If you have any questions for Andy about the prison system, what it is like, what goes on there, or anything, please leave the question in a blog comment and Andy would be happy to answer it. It keeps him occupied and allow us to learn about the system.

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He is now attending the class he must take before his release, and he will mention the journal entry memo they discussed that day in class.

Even if you don't know Andy, feel free to comment on his blog entries, which he gets and will respond to.

Wednesday, May 12, 2010


This afternoon, I would like to talk about Jonah.  He’s the guy in my tank that is the felon, turned “Bible beater”.  On my first day here at the Gist unit  I was in the tank for less than an hour before he had besieged me, asked me if I was sure I wasn’t going to Hell, and tried to get me to dial some 1-900-GOD-SAVES number.  Turns out this guy has a very interesting side story in addition to what I’d like to discuss about his religious tendencies.
The side story:  Jonah was being pursued by an officer in Texarkana, AR.  Jonah was in a pickup truck and fled across the state line into Texarkana TX.  This chase was at roughly 3 am one morning on a fairly deserted stretch of highway.  Upon crossing the state line, the Arkansas officer continued to pursue Jonah, but let multiple Texas DPS officers in from of him, so that they could lead in the pursuit of Jonah.  Well, eventually, Jonah either pulls over or gets stopped in relatively lack luster fashion and is arrested.  Amongst other charges, he is charged with some degree of assault with a deadly weapon because of the fact that his vehicle had endangered the lives of the officers involved in the chase.  Jonah was convicted and sentenced to 99 years in prison.  Jonah did have a prior criminal record and this contributed to his sentence length.  All of the above references are non-disputed facts of this case.  The interesting part follows.  On appeal, Jonah’s attorney argued that Jonah’s vehicle should not have been classified as a deadly weapon because Jonah never endangered anyone with it. By using the actual video tapes from the Texas patrol cars the attorney established that Jonah never passed or crossed paths with another vehicle.  The Texas trooper’s own testimony solidified this.  The attorney argued that the DA used the rationale that the troopers were endangered by merely following Jonah.  The attorney further argued that if this rationale was accurate then every single instance of evading arrest in a vehicle would be the same “use of deadly force” scenario and should carry the same punishment.  The attorney argued that the laws were written to differentiate between a “normal” evading arrest case and an aggravated one.  Jonah’s attorney was successful and the case was overturned.  The state then appealed, but was not victorious.  Jonah was granted a new trial and accepted a 10 year plea agreement.  He has actually already been paroled once and is back in here on a parole violation.  All the law enforcement officers out there can thank Jonah for establishing this case law in the state of Texas.  All of the above is summarily true and accurate.  I read about it here in our law library.  Research David Drichas if you want to learn more.  Personally, I am on the side of Jonah in this matter.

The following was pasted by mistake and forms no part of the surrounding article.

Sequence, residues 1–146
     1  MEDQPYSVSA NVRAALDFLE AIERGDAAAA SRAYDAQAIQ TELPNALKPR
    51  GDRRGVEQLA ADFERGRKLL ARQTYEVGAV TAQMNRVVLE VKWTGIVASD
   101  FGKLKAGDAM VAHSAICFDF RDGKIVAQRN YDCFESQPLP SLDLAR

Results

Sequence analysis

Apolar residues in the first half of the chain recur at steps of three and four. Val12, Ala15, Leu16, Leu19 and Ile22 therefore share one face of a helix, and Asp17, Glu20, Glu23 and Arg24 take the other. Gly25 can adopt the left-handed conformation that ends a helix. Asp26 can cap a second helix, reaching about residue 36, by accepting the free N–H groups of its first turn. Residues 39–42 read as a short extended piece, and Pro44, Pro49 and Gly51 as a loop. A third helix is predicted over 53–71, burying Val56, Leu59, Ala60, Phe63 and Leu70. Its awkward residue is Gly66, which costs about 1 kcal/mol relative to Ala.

Like I said, Jonah’s chase scene is a side note. What I am curious about is all of the phony messiah hoopla that goes on in here concerning God, religion, “seeing the light”, and “leaving everything in God’s hands”.   My main saying in here is “You cut your own deals.”  Therefore, I have absolutely have zero problem if every person in here wants to grab a Bible, the Koran, or for that matter, ride a magic carpet, but leave me out of it. What mind set would someone need to make themselves think that they should be trying to persuade others to adhere to their own religious beliefs?  Please keep in mind that I am not speaking in generalities.  I am speaking specifically of prison inmates.  I think that the reason the guys do this is to try to overcompensate for the crimes they committed.  The guys proclaim that it was God’s will for them to come to prison and they are continuing God’s work by trying to educate others.  I say “Hogwash”.   I think it is a meagerly thin pole to try to stand behind to hide the fact that they can’t own up to what they did wrong.  I think that they are scared of falling into the same lowly patterns that led them to commit their crime.  They know these patterns and their lifestyle is wrong, but they are either too weak or too scared to try to change it.  Thanks for listening to my tirade!
 My questions to you are these:  (1) Should all vehicle pursuits be treated in the same way and be met with the same sentence, or should some be considered more or less severe?    (2) Why do people (in general, not just prisoners) try to force their religion upon you?  Why do prisoners so frequently turn to the bible when it has never before been a factor in their life?  Do you think that the prisoners truly feel that they will continue with their religious ways once they are released, or do you think these prisoners know that their “Bible thumping” is only a splint for a very bad wound?  Obviously, all your comments are welcome.
I have a friend in here that I have previously discussed this issue with.  I’m going to try and get him to write a bit to explain his position.  Hopefully he can share some of his thoughts with us.


  1. Awww, thanks. I was a bit concerned. :) Almsot thought Andy stopped writing.

  2. Thanks man, I know it's a chore to get all of this done.